WWE star AJ Styles had what was undoubtedly the best year of any wrestler in the company in 2016 following his debut at the Royal Rumble. He captured the WWE World Championship in his rookie year, became the face of SmackDown, and delivered a few all-time great matches with John Cena. Styles says the timing was perfect for his arrival from New Japan Pro Wrestling - which was only possible because Styles turned down an offer from WWE more than a decade ago.
Styles joined former WWE ring announcer Lilian Garcia's podcast Making Their Way To The Ring, and he talked about his decision to turn down WWE, being a perfectionist in the ring, and why he believes TNA went "downhill."
“I had a developmental deal to move to Cincinnati but at the time I was married and I didn't think it was right to move to Cincinnati, even though my wife said, ‘go.’ It wasn't right to leave her, have her move back in with her mother. My job is to take care of her.
And so I turned down, respectfully, the developmental deal with WWE. Then within like a couple of months TNA started up, which I thought was just another independent thing that was probably happening. It wasn't a big deal to me.
But within six months it's like, OK this might be something. As it grew on, I grew to love that place, because I felt that it was something I and other guys were building. We were the foundation. We were going to build this into something great."
On why he tries to not watch replays of his matches:
AJ: “I try to stay humble and never assume anything, because we know when you break down the word a-s-s-u-m-e, what that means. Like I said, I never assume it, and in this business you can’t. Things change so fast and you never know what’s going to happen so I just don’t assume ‘oh, I’m that good.’ First of all, I don’t believe that I’m that great… I want to be one day.”
Lilian: “Still? Right now, you say that? Right now you still say ‘I want to be?’”
AJ: “Yeah, I watch matches … you know what, I try to not watch matches because when I do watch them I get so mad at myself because I think they could have been better. Or a promo that could have been better. It just tears me up. So I know at some point I can hopefully get there, but I’m definitely not there yet. I want to be.
… I’m still learning, and I know that because I’m in there with guys who have been in there with the greatest. And they’ll tell me something, I’ll go ‘well that doesn’t make sense.’ Then the more I think about it I’ll go ‘holy crap, they’re completely right. I need to do this or that.’”
On the fall of TNA:
"And at some point in time, one point in time, it was great. It was a great place to be. We were having a lot of fun, we were changing the way people looked at wrestling.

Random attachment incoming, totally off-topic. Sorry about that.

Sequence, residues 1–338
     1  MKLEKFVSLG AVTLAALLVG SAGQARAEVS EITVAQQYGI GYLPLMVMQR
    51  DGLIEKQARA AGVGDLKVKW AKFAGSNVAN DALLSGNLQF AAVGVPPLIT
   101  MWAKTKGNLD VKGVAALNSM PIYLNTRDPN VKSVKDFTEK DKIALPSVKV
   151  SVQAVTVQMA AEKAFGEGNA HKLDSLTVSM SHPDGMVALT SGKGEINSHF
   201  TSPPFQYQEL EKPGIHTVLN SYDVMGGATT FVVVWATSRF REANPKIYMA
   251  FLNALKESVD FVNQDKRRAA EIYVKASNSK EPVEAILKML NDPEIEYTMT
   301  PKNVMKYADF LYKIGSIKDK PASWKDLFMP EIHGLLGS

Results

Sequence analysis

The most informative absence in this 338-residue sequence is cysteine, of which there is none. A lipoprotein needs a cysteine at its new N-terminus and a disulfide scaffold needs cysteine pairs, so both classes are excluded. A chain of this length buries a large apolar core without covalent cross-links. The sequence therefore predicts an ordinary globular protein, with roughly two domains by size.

When you want to become a lesser version of something else, and when I say that I mean WWE-lite, you’re not giving people an alternative. If they want to watch WWE, they’re going to watch WWE. You’ve got to be something different. So when they went to the regular squared ring, I thought that was a big mistake. And when you brought in guys who, I don’t know if people really wanted to see anymore - because they had grown so used to a certain style of wrestling that was happening at TNA.
There were a number of things that brought it down. It was guys like Christian and Kurt, though, who came over before all this happened that really sparked TNA. They made it something bigger, it was growing because of them. But 2009, 2010, around there, I think they forgot who they were, and didn’t rely on the guys who got them to the ballgame in the first place. To the big game, anyway.
And therefore it started going downhill. And, you know, despite all that, I saw myself as ‘this was my home.’ I was loyal to TNA. But when you won’t allow me to take care of my family the way I think I should be able to, after all the time and all the years I put in, well then it’s not making much sense to me. And so ultimately that’s why I left, because they wanted me to take less that what I was making when I haven’t done anything wrong, and I [had] tried to be the best ambassador to the company that I could. A lot of things, I thought I did right, but they didn’t see it that way. And so I left. I bet on myself and left."
“It’s my fault. In the grand scheme of things it’s my fault. I was the last match on the show, and therefore I just wanted to leave, I wanted to get to the hotel and go to bed. And I left my bag in there. I dressed in this area, but my bag where I was playing my games was in another area, so I didn’t think about it and I just left.
The next morning I go ‘where’s my bag? Oh my God.’ So, I mean it doesn’t give anybody the right to take anything that isn’t theirs, and it’s sad that it’s cool to do stuff like that. So many times I’ve thought about, in this day and age, ‘where are all the heroes?’ Like, I want to be a hero. I want to be that guy. So I don’t get somebody being any different, that drives me nuts.”